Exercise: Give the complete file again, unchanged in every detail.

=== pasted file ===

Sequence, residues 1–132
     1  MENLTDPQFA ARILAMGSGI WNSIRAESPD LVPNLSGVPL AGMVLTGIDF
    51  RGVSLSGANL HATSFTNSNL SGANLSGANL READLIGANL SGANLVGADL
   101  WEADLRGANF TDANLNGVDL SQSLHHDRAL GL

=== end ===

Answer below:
Sequence, residues 1–132
     1  MENLTDPQFA ARILAMGSGI WNSIRAESPD LVPNLSGVPL AGMVLTGIDF
    51  RGVSLSGANL HATSFTNSNL SGANLSGANL READLIGANL SGANLVGADL
   101  WEADLRGANF TDANLNGVDL SQSLHHDRAL GL